• In 1979, India ratified the International Covenant on Civil and Political Rights (ICCPR), which sets forth internationally recognized standards for the protection of freedom of expression. However, misuse of sedition and arbitrary slapping of charges are inconsistent with India’s international commitments.

What is the fresh challenge to sedition law?

  • Constitutional validity of Section 124A of IPC is now pending before the Hon’ble Supreme Court in Kishorechandra Wangkhemcha & Anr v UOI. Three Judges Bench of Hon’ble Supreme Court has issued notice to the Union Government.
  • The Petitioners have contended that the Section 124A of IPC infringes the individual freedom of speech and expression guaranteed under Article 19(1)(a) of The Constitution of India.

Way forward

  • It is time to reiterate that Freedom of Speech and Expression is a fundamental right guaranteed under The Constitution of India. It is also necessary that to meet the international standards of the International Convention on Civil and Political Rights (ICCPR), Section 124A of IPC needs to be relooked.

2 . National Electricity Plan

Context: While India may have internationally committed to half its installed electricity being sourced from renewable sources by 2030, an estimate of the country’s projected power needs by the Central Electricity Authority (CEA) suggests that this target may be achieved early, by 2026-27.

What is National Electricity Plan?

  • Central Electricity Authority has outlined the National Electricity Plan for 2022-2032, emphasising renewable energy growth and the funds required for power generation and storage capacity
  • As per Section 3 of the Electricity Act 2003, Central Electricity Authority (CEA) has been entrusted with the responsibility of preparing the National Electricity Plan (NEP) in accordance with the National Electricity Policy and to notify such plan once in five years.

What are the findings of the report?

  • To meet the power generation capacity targets from 2022 to 2032 of the country, funds amounting to Rs 33.60 trillion will be needed, according to the National Electricity Plan (NEP) released by the Central Electricity Authority (CEA).
  • The plan outlines the electricity demand, generation capacity, and renewable energy targets for the coming years.
  • According to the NEP, the share of non-fossil fuel-based capacity is expected to increase to 57.4 per cent by 2026-27 and further to 68.4 per cent by 2031-32, compared to the current level of 42.5 per cent.
  • The plan includes projections for installed capacity, with a focus on renewable energy sources such as solar, wind, and hydro power. It also highlights the need for energy storage capacity, both through Pumped Storage Plants (PSP) and Battery Energy Storage Systems (BESS).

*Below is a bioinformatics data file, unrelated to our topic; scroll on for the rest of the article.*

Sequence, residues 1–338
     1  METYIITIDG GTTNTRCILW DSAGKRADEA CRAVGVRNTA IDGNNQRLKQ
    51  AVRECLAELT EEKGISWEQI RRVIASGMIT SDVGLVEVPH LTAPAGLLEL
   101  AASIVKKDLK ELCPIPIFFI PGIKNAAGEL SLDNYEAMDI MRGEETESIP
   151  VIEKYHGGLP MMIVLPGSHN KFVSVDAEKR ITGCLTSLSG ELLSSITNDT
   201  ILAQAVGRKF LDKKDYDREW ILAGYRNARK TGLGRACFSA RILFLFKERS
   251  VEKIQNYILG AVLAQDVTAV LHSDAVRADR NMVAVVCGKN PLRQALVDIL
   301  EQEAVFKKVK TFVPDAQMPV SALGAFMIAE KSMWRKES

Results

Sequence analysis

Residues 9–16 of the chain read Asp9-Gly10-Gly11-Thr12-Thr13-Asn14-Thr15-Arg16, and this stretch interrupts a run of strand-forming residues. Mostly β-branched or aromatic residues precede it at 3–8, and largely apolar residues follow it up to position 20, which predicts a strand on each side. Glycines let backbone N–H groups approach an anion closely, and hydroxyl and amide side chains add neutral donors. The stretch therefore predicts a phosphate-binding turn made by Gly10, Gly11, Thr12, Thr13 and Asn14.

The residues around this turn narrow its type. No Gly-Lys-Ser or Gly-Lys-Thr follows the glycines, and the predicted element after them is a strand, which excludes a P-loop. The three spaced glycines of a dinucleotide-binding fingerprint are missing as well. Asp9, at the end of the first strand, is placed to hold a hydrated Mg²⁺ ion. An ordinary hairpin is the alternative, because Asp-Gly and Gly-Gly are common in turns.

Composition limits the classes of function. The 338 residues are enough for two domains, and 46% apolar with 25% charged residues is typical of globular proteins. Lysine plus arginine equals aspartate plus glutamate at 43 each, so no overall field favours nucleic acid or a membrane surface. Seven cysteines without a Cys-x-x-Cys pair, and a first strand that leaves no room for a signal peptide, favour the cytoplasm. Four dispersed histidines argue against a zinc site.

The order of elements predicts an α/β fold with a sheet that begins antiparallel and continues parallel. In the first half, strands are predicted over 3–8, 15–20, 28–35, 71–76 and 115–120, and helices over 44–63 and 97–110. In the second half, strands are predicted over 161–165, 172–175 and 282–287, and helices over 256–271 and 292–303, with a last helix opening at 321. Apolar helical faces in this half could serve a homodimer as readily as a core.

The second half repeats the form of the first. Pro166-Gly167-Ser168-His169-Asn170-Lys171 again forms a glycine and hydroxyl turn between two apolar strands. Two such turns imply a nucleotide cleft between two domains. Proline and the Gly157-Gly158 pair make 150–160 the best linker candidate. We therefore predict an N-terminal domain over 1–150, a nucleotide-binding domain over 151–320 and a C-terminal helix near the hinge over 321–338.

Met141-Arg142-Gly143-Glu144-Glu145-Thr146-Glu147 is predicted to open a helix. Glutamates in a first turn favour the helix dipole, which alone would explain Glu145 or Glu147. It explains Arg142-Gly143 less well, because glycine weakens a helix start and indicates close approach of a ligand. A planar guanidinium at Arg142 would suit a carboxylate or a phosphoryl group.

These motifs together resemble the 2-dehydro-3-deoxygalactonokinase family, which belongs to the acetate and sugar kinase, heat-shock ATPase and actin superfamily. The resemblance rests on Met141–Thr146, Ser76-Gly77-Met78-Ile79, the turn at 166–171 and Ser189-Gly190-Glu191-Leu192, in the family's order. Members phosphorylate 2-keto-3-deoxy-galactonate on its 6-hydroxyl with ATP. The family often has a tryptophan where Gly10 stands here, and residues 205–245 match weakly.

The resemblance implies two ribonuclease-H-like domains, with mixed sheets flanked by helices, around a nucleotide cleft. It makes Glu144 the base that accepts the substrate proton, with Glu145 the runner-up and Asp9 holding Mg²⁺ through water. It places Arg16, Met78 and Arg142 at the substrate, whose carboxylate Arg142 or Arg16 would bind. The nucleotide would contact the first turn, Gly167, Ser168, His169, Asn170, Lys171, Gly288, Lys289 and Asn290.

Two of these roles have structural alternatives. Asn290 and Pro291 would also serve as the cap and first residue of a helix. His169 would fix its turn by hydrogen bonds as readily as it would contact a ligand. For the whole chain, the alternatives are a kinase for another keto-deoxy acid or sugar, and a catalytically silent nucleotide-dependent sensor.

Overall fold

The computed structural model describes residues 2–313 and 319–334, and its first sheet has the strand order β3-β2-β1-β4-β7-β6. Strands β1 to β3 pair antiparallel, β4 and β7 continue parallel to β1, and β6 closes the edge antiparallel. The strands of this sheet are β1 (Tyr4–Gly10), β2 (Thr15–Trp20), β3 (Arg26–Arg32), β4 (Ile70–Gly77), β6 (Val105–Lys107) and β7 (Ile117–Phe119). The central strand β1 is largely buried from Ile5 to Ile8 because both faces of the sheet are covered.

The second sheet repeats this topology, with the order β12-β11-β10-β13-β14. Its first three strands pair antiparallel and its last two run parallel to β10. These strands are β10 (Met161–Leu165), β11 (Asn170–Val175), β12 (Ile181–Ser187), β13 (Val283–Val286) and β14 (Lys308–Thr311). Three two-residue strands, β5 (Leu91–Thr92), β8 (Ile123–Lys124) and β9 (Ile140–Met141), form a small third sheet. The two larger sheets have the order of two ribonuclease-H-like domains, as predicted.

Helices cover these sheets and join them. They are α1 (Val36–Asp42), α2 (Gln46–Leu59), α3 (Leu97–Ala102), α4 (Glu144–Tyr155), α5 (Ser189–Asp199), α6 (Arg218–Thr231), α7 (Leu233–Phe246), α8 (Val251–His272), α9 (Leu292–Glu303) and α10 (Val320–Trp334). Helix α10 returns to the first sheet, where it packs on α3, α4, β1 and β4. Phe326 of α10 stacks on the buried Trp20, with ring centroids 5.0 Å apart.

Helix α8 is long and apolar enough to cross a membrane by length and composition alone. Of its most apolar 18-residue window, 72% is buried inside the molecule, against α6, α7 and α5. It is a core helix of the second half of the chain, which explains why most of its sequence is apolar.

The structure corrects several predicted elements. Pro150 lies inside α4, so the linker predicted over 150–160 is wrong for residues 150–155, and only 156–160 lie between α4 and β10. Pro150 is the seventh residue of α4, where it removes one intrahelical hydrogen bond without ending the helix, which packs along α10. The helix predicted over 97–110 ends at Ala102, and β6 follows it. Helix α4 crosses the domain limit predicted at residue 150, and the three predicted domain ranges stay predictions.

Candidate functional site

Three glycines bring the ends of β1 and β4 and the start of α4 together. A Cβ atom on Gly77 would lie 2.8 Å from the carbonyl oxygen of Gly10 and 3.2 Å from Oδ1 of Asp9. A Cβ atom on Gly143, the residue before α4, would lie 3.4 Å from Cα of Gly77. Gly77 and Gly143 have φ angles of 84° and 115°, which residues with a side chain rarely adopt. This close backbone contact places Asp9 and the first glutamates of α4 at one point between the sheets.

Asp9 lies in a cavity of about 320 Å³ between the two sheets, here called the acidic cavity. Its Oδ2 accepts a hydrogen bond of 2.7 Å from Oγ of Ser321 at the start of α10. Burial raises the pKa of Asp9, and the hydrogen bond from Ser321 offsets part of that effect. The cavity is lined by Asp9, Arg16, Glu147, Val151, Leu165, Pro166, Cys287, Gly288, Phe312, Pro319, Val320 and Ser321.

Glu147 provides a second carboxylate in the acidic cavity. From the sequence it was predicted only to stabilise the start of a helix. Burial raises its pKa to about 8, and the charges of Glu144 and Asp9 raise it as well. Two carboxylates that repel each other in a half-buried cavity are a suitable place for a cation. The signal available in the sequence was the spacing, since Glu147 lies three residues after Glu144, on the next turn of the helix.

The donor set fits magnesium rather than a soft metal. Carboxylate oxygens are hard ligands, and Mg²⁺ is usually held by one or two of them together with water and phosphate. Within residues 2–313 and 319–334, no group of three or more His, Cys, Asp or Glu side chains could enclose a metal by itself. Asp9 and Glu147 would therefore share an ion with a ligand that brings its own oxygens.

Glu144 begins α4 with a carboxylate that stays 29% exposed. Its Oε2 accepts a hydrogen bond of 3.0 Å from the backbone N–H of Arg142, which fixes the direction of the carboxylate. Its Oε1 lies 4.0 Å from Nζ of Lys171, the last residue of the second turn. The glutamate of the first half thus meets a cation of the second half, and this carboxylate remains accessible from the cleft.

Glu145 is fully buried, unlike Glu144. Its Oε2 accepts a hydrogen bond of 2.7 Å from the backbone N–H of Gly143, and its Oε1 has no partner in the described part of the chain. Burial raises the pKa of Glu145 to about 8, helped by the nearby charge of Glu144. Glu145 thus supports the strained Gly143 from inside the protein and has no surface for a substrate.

• The NEP aims to achieve a non-fossil fuel-based installed capacity of around 500 GW by 2029-30. It expects the average Plant Load Factor (PLF) for coal-based capacity to be around 58.4 per cent in 2026-27 and 58.7 per cent in 2031-32.
  • The plan also addresses the coal requirement for power plants, including domestic coal production and imports.
  • The estimated fund requirement for capacity addition during the periods 2022-2027 and 2027-2032 is Rs 14,54,188 crore and Rs 19,06,406 crore, respectively.
  • Furthermore, the NEP sets targets to reduce the average emission factor, aiming for a decrease from 0.548 kg CO2/kWh net in 2026-27 to 0.430 kg CO2/kWh net by 2031-32.

About India’s Intended Nationally Determined Contribution

  • Countries across the globe committed to create a new international climate agreement by the conclusion of the U.N. Framework Convention on Climate Change (UNFCCC) Conference of the Parties (COP21) in Paris in December 2015.
  • In preparation, countries have agreed to publicly outline what post-2020 climate actions they intend to take under a new international agreement, known as their Intended Nationally Determined Contributions (INDCs). The INDCs will largely determine whether the world achieves an ambitious 2015 agreement and is put on a path toward a low-carbon, climate-resilient future.
  • India had submitted its Intended Nationally Determined Contribution (INDC) to the United Nations Framework Convention on Climate Change during October 2015. It has been revised and approved by the Cabinet during August 2022.

Key elements and focus areas of India’s INDC

  • India’s INDC centre around the country’s policies and programmes for:
  • Sustainable Lifestyles – To put forward and further propagate a healthy and sustainable way of living based on traditions and values of conservation and moderation.